photo by John Pfaffe
Friday, August 6, 2010
Comedy fits South Sound's new Outfit Theatre Project just fine
Review “Rosencrantz & Guildenstern Are Dead” and “The Fifteen Minute Hamlet”
Published in The News Tribune, Aug. 4, 2010
Pictured: Bryan Bender, left, as Guildenstern and Christian Doyle as Rosencrantz from "Rosencrantz and Guildenstern are Dead" at Lakewood Playhouse
photo by John Pfaffe
photo by John Pfaffe
There’s a new theater company in the South Sound. It’s called The Outfit Theatre Project, and it includes some of the best-known actors, directors and designers in the area. The Outfit is affiliated with Lakewood Playhouse and Tacoma Little Theatre.
"We are already getting the chance to do what we love, what feeds us, with the people who challenge and inspire us the most, and that's why The Outfit was created to begin with,” said Deya Ozburn, the group’s press secretary. “We want to help grow theatre as a voyeur sport, as a more interactive entertainment option then going to a movie on a Friday night. Don't get me wrong, we're nuts for film, it's a beautiful medium, but what we are trying to help the other live theaters accomplish is the survival of the traditions of entertainment reaching back to say the Irish Seanchaí: storytelling in such a way that you feel a part of the action. "
The Outfit is doing Tom Stoppard’s, modern classic “Rosencrantz & Guildenstern Are Dead” at Lakewood Playhouse. As a bonus, “R&G” is preceded by Stoppard’s “The Fifteen Minute Hamlet.”
“The Fifteen Minute Hamlet” is performed in the manner of “The Complete Works of William Shakespeare (Abridged).” It is an insanely funny condensation of “Hamlet” played for broad laughs. Alex Smith plays the title role with hilariously contorted physicality and includes at least one pratfall that will surely leave him bruised if not crippled. Smith is supported by a madcap ensemble cast, many of whom stay in character for “Rosencrantz & Guildenstern.”
The beauty of doing these two shows together is that the opening15-minute skit makes it much easier for the audience to understand the main play because each play in its surrealistically comic way retells the story of the mad Danish Prince Hamlet. The short version turns Shakespeare’s great tragedy into slapstick comedy, and the larger story turns it into an absurdist investigation of logic and language. Stoppard’s writing is inspired, and as performed under the direction of Erin Chanfrau it is like “My Dinner with Andre” meets the Marx Brothers.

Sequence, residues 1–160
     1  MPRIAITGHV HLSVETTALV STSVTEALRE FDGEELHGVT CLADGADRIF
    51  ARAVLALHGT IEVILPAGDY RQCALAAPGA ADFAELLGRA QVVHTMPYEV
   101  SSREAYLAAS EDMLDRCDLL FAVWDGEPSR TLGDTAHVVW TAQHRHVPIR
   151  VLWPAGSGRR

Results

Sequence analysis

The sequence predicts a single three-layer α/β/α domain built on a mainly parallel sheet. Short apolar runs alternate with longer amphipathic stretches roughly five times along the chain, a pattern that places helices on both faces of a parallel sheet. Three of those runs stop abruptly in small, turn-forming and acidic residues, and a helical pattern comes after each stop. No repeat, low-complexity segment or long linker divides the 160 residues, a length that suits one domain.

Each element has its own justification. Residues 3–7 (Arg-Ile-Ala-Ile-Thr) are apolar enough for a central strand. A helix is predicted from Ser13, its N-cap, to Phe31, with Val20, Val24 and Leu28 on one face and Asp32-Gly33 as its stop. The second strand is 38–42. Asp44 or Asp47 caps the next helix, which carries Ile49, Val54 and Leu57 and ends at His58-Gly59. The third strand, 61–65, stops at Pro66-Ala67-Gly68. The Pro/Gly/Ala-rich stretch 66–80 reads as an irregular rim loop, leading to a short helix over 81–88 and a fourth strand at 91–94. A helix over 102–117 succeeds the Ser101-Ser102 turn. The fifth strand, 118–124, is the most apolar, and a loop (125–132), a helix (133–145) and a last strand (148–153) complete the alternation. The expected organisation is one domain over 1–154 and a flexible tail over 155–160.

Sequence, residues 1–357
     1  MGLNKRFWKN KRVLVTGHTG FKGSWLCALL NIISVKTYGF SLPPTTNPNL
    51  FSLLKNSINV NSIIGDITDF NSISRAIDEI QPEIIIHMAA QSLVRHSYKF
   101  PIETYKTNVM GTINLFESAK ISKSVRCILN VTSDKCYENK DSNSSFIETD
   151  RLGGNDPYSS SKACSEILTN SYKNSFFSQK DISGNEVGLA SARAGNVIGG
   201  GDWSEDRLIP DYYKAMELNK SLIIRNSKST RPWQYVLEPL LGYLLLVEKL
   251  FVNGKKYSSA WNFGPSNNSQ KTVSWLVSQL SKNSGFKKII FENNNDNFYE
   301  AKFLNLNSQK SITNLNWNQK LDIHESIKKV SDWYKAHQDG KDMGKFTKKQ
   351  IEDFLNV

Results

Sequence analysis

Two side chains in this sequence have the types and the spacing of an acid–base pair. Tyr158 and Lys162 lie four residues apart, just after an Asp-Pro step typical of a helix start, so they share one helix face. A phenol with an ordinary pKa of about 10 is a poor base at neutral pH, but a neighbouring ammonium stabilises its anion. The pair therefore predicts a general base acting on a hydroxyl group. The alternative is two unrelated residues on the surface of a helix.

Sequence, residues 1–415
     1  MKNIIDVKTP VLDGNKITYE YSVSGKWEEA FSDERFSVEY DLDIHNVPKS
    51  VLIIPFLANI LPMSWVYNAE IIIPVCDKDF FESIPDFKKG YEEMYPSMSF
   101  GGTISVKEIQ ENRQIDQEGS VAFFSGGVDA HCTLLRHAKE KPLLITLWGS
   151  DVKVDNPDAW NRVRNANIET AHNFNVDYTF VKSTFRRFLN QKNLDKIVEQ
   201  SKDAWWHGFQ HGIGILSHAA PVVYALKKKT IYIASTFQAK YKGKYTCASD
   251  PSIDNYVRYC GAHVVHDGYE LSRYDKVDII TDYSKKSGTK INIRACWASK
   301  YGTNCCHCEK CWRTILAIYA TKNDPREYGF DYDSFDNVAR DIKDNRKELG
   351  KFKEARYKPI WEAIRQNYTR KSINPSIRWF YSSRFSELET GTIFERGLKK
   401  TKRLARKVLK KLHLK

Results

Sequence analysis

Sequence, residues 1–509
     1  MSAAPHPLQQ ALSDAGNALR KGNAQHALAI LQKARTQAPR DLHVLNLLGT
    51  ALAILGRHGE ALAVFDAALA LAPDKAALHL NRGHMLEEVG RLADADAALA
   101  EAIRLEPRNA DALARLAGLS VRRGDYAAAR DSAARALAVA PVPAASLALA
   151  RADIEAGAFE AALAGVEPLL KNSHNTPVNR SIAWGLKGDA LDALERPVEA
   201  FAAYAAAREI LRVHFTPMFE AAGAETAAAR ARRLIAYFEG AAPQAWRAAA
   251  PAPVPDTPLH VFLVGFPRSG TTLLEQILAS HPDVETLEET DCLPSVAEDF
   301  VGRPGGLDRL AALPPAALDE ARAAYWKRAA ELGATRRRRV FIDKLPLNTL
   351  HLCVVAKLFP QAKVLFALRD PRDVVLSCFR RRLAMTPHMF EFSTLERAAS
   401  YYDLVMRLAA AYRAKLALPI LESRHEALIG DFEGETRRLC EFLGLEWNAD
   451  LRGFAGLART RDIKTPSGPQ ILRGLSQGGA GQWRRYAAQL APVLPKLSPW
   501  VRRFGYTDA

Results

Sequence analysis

Rosencrantz (Christian Doyle) and Guildenstern (Bryan K. Bender) are dead (or are they?). For that matter, is Rosencrantz really Rosencrantz and is Guildenstern really Guildenstern? They keep calling one another by the other’s names while playing games with words and with the laws of probabilities in a kind of intellectually challenging game of who’s-on-first while replaying (and reversing) their roles in the tragedy of “Hamlet.” Doyle plays Lou Costello to Bender’s Bud Abbott. As in most comedies, the straight man (Bender) does not get the laughs or the accolades, however, in his seriousness and intensity Bender is a superb equal half of the equation. And in typical comic-duo fashion, Doyle gets to play the bumbling fool, and he gets most of the laughs. His facial expressions – mostly variations on open-mouthed befuddlement – are terrific.
Ozburn as The Player, the leader of a traveling theater troupe, is the lynchpin among the large cast of supporting characters. She comes across as strong and confident in the role. Even though her character was written by Stoppard as a man she is often referred to with feminine pronouns (mostly by Rosencrantz and Guildenstern, who can’t seem to get anything right).
Outstanding in the ensemble cast are Blake York as one of the nameless tragedians and Anjelica Wolf in another gender-bending role as Alfred, the young actor who is forced to dress in drag – in this case a woman playing a male actor playing women’s roles.
The broad physical comedy and the impeccable timing in this play is a testament to the skills of the director and the actors. Smith, by-the-way, tones down his physical comedy just a tiny bit in "R&G," knowing that the wild slapstick from the opening skit would be too much in the context of the longer more intellectually teasing play, and Bender and Doyle emphasize timing and verbal delivery over physicality – except for in one huge fight scene in which the entire cast goes wild. This scene has to be seen to be believed. While 13 actors (seeming like 31) run, jump and fight in fast synchronized movement two characters rush across the stage carrying a large carriage wheel between them, and Doyle leaps over wheel. The coordination and timing of the movement in this scene is astonishing.
“The Fifteen Minute Hamlet” is pure slapstick that sent the opening night audience into nonstop laughter; “Rosencrantz & Guildenstern” is much more challenging and thought provoking, but equally funny.
WHEN: 8 p.m. Friday and Saturday and 2 p.m. Sunday through Aug. 15, plus actors’ benefit performance Aug. 7 at 2 p.m.
Playhouse, Lakewood 5729 Lakewood Towne Center Blvd., Lakewood
INFORMATION: 253-588-0042, www.lakewoodplayhouse.org